Pennsylvania’s correctional system has a “revolving door” problem. Over 63 percent of the correctional population will return to prison within three years.
To change Pennsylvania’s reputation as “imprisonment king” of the Northeast, we need to shut that revolving door. Probation violations account for nearly one-quarter of prison admissions—so let’s start by reforming probation practices.
While some probation violations involve new crimes, others are for technical violations, including:
- Failure to pay a fine or restitution
- Missing an appointment with a probation officer
- Inability to maintain employment
- Changing residence without permission
- Not completing counseling
- Frequenting disreputable places or “consorting with disreputable persons”
- Other conditions “reasonably related to the rehabilitation of the defendant” which can include purchasing a vehicle or staying out past curfew
These terms contribute to increased rearrests of low-risk individuals. Long probation terms create more opportunities for violations, which extend probation or lead to additional incarceration…and the cycle continues.
The result? Probationers may spend more time on probation or incarcerated than the original crime warranted.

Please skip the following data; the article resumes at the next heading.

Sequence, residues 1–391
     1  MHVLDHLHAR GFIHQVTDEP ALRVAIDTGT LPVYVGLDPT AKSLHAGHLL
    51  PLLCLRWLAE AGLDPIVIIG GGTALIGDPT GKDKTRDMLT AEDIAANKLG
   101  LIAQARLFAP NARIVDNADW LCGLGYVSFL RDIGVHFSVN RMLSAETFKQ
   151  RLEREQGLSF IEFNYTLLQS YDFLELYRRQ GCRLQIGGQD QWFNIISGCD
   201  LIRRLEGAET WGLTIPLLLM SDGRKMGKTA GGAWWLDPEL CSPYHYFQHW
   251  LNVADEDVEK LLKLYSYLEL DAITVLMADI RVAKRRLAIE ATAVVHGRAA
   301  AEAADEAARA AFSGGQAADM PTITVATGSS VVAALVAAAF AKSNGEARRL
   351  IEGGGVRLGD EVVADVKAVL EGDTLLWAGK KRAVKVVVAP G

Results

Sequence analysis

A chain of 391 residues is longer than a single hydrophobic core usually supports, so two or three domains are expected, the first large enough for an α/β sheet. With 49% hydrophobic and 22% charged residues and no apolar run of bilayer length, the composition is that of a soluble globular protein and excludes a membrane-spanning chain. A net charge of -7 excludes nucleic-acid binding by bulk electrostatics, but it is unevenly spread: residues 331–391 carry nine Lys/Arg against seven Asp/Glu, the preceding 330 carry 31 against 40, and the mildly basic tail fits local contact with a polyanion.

The Department of Corrections estimates sending probationers to prison for technical violations and minor crimes costs $7.3 million each year. More concerning, prisons—designed for long-term, higher-level offenders—are housing low-level offenders.
It’s a truism of criminal justice reform that prison is where low-level offenders learn to become hardened criminals.
You might think more supervision and strict probation terms for all probationers would reduce recidivism rates, but it doesn’t. In fact, the opposite is true, according to the Council of State Governments:
Focusing supervision time, treatment, and programming resources on people who are at a high risk of reoffending can decrease their likelihood of reoffending, while focusing those resources on people who are at a low risk of reoffending can increase their likelihood of reoffending.
Recidivism rates significantly increase after the first year of supervision, meaning extended probation can unnecessarily hurt peoples’ chances of a successful transition.
Luckily, Pennsylvania lawmakers have proposed bipartisan legislation to reform probation.
Senate Bill 14, sponsored by Sens. Anthony Williams and Camera Bartolotta, would minimize punishments for technical violations, reasonably cap probation lengths, and reward good behavior.
In the House, Reps. Jordan Harris and Sheryl Delozier also plan to introduce probation reform. According to Harris:
We need to incentivize people who are doing the right thing…And when we know they’re doing the right thing, we need to shorten their time.
The package of reforms known as the Justice Reinvestment Initiative II provides more comprehensive criminal justice reforms—all measures that will supplement Senate and House probation reforms to promote public safety and reduce recidivism.
The correctional system doesn’t have to be a “revolving door.” The best way to change that is to make probation and parole fair and effective.